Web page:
The first segment of trail was a short backtrack from the way we'd come this morning. Just a few tenths of a mile outside of McCargoe, we turned onto the East Chickenbone trail. That trail headed steeply headed downhill to a ridiculously picturesque stream (which drains Chickenbone Lake into McCargoe Cove). The trail immediately regained all of the lost elevation, plus plenty more, in the longest and steepest climb we'd made yet on this trip. Even though the long uphill ran through a cool and dark pine forest, we were panting and had to stop several times.

But once we'd topped out, the trail was amazingly level for most of the next 2 miles. The East Chickenbone trail crosses an inland plateau for much of its length. That plateau is quite exposed, open, and grassy. We crossed streams and skirted the edges of beaver ponds, scarfed down wild berries, and sweated.

As we approached the end of the trail -- and East Chickenbone campground -- the trail slowly descended to the level of Chickenbone Lake. We skirted the swampy east end of the lake on a long boardwalk that wound through grasses and brush. After a short uphill, we passed a post labeled "Water" with an arrow towards the lake, down a spur trail trail.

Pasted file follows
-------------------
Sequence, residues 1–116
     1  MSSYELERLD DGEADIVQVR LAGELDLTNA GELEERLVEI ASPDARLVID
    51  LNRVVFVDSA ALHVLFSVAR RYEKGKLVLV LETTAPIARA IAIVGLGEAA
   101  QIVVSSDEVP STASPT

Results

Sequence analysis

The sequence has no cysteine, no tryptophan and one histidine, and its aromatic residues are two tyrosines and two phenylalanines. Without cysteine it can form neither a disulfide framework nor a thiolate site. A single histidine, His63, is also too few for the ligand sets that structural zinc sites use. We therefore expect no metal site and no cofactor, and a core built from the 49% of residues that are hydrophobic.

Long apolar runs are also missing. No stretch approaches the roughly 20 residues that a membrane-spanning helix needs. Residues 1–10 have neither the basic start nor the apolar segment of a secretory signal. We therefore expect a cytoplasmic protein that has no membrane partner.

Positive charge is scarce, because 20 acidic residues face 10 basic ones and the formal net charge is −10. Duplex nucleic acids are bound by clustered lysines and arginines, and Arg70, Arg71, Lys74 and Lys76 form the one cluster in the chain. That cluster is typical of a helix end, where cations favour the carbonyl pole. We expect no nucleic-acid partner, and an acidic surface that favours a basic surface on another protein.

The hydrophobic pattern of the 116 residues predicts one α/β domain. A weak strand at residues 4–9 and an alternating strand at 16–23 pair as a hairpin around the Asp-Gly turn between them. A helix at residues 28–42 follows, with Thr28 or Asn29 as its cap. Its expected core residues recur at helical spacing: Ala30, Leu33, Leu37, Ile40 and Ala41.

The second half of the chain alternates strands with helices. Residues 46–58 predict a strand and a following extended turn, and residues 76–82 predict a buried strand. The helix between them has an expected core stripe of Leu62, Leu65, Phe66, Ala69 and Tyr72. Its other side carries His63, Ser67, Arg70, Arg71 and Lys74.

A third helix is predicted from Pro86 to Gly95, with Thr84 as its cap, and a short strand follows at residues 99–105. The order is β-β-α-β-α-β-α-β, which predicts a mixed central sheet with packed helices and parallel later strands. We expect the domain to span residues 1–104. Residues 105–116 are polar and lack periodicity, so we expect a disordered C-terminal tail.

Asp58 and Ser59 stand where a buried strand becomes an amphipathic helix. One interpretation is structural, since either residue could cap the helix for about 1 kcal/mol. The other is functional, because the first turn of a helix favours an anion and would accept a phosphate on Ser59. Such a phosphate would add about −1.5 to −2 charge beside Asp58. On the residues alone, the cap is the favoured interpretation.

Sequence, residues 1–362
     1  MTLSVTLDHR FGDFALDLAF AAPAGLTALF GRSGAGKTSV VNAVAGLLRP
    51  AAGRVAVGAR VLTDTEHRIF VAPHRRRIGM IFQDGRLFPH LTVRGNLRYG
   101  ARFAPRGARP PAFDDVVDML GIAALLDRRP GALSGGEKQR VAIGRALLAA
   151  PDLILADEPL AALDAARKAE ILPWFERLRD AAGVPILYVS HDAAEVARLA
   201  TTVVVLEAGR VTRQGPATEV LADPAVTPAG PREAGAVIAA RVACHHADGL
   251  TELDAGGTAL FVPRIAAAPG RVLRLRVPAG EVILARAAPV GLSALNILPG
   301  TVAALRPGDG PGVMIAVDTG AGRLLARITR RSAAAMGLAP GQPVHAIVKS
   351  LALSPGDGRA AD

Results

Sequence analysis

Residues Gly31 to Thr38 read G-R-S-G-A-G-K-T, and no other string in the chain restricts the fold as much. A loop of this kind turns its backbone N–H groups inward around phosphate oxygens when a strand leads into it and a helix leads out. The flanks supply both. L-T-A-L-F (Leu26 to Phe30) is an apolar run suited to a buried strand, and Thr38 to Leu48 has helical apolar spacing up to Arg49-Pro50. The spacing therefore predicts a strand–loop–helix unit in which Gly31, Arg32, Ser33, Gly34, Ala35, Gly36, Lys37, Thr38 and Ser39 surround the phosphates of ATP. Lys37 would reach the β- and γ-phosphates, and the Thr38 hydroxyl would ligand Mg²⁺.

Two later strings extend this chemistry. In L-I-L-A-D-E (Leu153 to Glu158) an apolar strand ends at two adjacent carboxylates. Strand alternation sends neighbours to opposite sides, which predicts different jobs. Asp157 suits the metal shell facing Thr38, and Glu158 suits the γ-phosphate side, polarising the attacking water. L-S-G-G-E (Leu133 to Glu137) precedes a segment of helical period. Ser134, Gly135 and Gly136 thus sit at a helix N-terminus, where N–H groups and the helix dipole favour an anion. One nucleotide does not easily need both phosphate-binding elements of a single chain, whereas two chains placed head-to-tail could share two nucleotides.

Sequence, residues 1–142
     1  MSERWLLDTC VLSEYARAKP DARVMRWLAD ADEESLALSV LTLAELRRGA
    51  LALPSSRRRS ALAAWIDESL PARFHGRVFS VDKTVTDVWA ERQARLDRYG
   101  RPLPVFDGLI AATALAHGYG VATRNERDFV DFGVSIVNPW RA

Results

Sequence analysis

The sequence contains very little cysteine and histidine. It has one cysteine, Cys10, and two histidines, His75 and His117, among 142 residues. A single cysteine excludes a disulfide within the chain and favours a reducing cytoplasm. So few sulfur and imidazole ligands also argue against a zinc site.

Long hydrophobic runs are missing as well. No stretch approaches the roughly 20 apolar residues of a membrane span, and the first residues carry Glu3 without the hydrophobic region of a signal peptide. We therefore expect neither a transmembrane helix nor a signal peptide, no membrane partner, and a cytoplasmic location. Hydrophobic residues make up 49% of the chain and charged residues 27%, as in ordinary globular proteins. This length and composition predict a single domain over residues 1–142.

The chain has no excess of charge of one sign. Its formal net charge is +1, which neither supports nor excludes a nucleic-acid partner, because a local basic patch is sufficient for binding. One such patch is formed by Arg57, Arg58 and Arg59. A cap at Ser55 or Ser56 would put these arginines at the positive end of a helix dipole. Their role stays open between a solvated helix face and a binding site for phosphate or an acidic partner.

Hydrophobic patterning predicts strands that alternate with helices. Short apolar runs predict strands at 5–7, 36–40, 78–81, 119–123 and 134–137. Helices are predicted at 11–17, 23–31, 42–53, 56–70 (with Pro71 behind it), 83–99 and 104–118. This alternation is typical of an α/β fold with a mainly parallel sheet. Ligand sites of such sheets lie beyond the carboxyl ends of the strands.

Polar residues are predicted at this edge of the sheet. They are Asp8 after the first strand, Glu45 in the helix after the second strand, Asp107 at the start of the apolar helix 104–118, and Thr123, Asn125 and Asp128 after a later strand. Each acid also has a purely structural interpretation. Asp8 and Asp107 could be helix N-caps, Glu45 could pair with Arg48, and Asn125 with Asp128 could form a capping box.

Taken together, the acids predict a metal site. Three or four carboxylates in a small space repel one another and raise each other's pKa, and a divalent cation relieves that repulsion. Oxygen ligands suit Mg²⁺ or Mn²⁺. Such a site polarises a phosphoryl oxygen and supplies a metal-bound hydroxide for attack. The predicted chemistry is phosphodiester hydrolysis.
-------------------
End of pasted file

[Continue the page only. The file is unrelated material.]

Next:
Asters

The trail then took a sudden, sharp, and rocky uphill turn, as we started climbing the steep northwest face of one of Isle Royale's rocky ridges. Part way up the trail sat a lonely backpack, with no backpacker in sight. Near the top, we found a signpost for East Chickenbone Campground, with a dazed-looking hiker standing next to it.

"Dazed-looking" isn't quite strong enough. This hiker appeared, in every way, to be unsuited to his environment. He was dressed in heavy denim jeans and a black Alice Cooper cotton t-shirt, with a heavy knitted cap on his head. He had huge headphones on his head (off the ears) with a long cord snaking into the pants. He stood on the side of the trail, sweaty, sweltering, and gazing unfocused in our general direction.

His first question was "Do you have water?" He was holding an empty 20 oz Pepsi bottle which we filled from our supply. "Is that your only water source?" No, he said, he had another empty pop bottle too -- nowhere near enough water for a day of backpacking on Isle Royale under even ideal circumstances.